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Expert CornerJohn Tschohl is a recognized customer service expert drawing from years of experience sharing methodologies, tips and best practices. This is one in a series of articles from John that we will feature in the Expert Corner on the Desk.com blog. 

How to turn customer problems into a continuous improvement effort.

A quality service system can deliver an unanticipated benefit: more customer complaints. What, you say? Better customer service results in more complaints? How can this be? Customer service actually encourages complaints, and that is good. Complaints are opportunities to correct problems that a company might never otherwise hear about.

Often times, employees avoid complaints entirely because they have never been educated in handling them. Indeed, 80 percent of the complaint letters that I write go unanswered—like one I wrote to the president of Marriott Courtyard hotels. During the first (and last) time I stayed at a Courtyard hotel, my father-in-law had a heart attack. The hotel did not deliver an emergency message left for me. What’s more, they failed to make the wake-up call that I left the night before.

Or, in another scenario, complaints bombarding your company via social media may be resolved, yet never analyzed and used to improve a company’s product and service.

It’s true: a service system that simplifies and encourages complaints tends to increase profit. Why? Because customers who can complain to the company are less likely to spread their complaints throughout the community, thereby creating a snowball effect. It is a wise move to make it very easy for customers to express their opinions.

6 ways to gather the complaints that make your business better

Since continual improvement requires continual feedback, it’s important to make finding out about and analyzing customer complaints/compliments/needs a formal part of your business strategy. Following are six tactics you can employ to ensure your company is listening to its customers—particularly when they have complaints.

1. Lost sale follow-up program: Follow up with lost customers or lost sales by finding out exactly why customers took their business elsewhere. Ask them. Then make adjustments to prevent further losses for the same reasons.

2. Key account reviews: Some B-to-B companies conduct periodic key account reviews, which they call “debriefings.” Everyone involved in an account from product managers to customer service supervisors conducts open-ended discussions. Problems, upcoming special needs, recognition of competent activity, and complaints, are all topics for discussion.

3. Customer visits: Some companies pay a visit their customers now and then. They observe their products being used. And, they talk with their customers’ employees to find out if they have any insights and observations that might help in product design, delivery, or service. There is no better way to get an insight into your customers’ needs and how you can meet them than by watching them and asking questions while they are working. This approach will make a powerful positive impression on your customers as well as everyone else in the company. Some companies go so far as to set job objectives for all middle managers to visit a specific number of customers each year.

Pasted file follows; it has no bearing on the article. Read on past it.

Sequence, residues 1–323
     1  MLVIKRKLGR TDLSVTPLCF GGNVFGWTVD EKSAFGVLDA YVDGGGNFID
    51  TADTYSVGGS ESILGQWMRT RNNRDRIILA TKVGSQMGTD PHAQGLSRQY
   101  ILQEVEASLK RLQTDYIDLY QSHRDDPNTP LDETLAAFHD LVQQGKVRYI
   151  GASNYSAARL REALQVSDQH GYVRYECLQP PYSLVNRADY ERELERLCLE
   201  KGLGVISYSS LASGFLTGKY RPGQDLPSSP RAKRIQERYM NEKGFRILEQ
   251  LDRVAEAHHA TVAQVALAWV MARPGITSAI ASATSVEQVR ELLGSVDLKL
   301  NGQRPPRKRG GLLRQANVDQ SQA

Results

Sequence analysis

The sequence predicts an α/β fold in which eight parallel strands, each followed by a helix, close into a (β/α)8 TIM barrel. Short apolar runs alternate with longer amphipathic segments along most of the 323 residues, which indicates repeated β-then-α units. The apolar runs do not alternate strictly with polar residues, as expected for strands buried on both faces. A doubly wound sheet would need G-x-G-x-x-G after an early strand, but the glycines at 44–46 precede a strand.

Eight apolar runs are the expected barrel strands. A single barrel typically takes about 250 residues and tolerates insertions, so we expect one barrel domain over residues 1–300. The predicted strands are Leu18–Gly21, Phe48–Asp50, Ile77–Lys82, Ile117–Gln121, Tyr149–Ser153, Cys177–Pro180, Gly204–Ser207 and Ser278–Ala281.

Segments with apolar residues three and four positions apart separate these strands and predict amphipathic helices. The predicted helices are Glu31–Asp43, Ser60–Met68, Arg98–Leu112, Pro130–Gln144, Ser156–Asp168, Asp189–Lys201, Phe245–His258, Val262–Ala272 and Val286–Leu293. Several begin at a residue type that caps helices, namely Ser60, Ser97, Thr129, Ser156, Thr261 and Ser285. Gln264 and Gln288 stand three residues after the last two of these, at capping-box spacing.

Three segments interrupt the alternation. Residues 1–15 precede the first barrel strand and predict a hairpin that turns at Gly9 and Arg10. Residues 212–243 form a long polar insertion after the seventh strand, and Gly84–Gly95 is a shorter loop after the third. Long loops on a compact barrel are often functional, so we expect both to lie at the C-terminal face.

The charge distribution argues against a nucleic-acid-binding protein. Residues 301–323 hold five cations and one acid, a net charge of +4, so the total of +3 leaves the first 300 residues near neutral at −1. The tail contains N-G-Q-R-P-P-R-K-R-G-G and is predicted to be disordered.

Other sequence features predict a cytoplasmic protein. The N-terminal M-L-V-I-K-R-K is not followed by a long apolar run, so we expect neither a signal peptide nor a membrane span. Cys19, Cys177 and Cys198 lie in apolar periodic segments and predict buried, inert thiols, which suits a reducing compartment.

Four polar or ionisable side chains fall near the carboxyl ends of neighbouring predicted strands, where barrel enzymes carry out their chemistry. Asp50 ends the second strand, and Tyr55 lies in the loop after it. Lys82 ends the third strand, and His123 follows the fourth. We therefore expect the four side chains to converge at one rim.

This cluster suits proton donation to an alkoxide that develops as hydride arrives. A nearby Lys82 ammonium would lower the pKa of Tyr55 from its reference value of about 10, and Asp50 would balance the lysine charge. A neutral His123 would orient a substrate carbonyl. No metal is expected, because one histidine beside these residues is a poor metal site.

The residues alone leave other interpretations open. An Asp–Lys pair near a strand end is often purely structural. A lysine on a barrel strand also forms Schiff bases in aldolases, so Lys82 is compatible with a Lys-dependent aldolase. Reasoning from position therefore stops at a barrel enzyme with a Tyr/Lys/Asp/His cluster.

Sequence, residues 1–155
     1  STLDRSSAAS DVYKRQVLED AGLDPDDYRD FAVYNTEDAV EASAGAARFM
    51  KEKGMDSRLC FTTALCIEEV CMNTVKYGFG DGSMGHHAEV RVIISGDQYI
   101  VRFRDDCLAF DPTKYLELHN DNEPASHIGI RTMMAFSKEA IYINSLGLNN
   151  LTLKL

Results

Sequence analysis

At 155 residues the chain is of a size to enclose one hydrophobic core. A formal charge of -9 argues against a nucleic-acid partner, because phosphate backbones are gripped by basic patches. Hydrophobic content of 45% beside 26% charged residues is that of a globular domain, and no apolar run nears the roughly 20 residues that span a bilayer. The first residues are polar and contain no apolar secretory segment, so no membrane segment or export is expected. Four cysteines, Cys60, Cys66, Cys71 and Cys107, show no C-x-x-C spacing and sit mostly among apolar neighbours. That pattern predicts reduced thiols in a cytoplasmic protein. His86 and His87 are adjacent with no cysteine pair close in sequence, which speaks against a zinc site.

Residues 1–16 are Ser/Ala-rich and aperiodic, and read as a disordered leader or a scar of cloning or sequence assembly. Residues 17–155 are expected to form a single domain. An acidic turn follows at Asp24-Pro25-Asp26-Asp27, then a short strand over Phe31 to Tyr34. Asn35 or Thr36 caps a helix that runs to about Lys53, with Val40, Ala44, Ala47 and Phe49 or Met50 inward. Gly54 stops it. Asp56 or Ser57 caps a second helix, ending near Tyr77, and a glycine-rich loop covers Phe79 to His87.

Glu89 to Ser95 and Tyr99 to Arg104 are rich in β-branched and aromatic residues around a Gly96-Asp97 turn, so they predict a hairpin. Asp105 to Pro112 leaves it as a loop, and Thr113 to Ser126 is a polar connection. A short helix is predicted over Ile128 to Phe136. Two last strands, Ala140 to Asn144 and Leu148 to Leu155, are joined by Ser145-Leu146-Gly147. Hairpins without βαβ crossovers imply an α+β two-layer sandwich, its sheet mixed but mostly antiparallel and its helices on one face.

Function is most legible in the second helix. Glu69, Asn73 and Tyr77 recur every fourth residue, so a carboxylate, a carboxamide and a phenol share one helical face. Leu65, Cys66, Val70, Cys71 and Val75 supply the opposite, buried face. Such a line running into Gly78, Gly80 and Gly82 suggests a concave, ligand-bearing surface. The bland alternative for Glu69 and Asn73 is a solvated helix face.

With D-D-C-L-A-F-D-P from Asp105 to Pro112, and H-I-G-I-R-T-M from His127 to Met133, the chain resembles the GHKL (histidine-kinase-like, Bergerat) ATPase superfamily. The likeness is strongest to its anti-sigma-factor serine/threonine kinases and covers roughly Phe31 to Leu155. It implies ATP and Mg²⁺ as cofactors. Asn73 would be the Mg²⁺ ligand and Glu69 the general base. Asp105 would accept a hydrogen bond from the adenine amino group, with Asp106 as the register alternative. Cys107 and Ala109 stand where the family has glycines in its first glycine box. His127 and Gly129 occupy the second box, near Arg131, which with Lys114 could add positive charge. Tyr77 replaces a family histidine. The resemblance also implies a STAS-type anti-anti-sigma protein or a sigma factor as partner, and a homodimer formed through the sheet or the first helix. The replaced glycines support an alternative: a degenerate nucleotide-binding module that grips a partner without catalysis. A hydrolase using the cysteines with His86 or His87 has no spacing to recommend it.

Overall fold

4. Complaint correspondence summaries: Consider summarizing customer complaints (and kudos) for senior and middle management as well as front-line people involved with the issues at hand.

5. Service expenses: Dig deep for tips to customer needs, wants and potential complaints in repair costs, field service costs, liability costs, high warranty costs, and returns/refunds. Include counts and amounts in regular management reports.

6. Focus groups: Bring customers in for a focus group on the topic: “What is it like to do business with us?” Record the meeting. Show the video to every employee. Run it continually in employee lounges, perhaps, and show it as part of most routine training sessions.

Now put customer complaints to work for you

Once known, customer needs, expectations, and yes, complaints, should be translated into specific activities and procedures that add value to basic products and services and that intensify customer loyalty.

My key recommendation is to tell every employee what you found. Make them aware of what customers are saying about service. One company prints customers’ comments and a question, matched with responses, and circulates them every week to every employee.

Inform all employees, but take the greatest care to communicate the information to front-line sales and service people who do the real customer-contact work. They should be especially well acquainted with results of surveys of customer needs, wants, and dislikes. The American Management Association suggests that front-line people receive all consumer comment/complaint reports.

Bill Gamgort, Director of Quality Assurance and Customer Affairs at Armstrong World Industries, says that customer survey information is presented formally at monthly executive staff meetings attended by the president and his entire staff. The information also is issued in report form to key appropriate management in the company—vice presidents of marketing and sales, of manufacturing, and of finance. It is sent to the employee relations director too.

“We have brought on some very loyal customers whose original contacts with our company resulted from their ‘concern’ with the product,” says Gamgort.

Not surprisingly, Armstrong’s official view of complaints is that they are opportunities—opportunities to improve customer satisfaction level and, thereby, to increase sales and profit.

This post was originally published on the desk.com blog.